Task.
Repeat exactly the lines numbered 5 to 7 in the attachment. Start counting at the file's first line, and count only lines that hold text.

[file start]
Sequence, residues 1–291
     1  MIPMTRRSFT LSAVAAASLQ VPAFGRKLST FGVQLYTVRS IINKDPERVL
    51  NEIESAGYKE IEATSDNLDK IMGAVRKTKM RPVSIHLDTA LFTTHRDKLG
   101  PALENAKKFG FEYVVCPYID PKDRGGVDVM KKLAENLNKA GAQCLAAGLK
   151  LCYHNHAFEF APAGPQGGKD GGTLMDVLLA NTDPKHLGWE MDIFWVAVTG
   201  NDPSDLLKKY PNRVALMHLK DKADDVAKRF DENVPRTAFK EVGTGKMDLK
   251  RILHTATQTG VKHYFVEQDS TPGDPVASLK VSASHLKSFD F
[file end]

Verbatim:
   151  LCYHNHAFEF APAGPQGGKD GGTLMDVLLA NTDPKHLGWE MDIFWVAVTG
   201  NDPSDLLKKY PNRVALMHLK DKADDVAKRF DENVPRTAFK EVGTGKMDLK
   251  RILHTATQTG VKHYFVEQDS TPGDPVASLK VSASHLKSFD F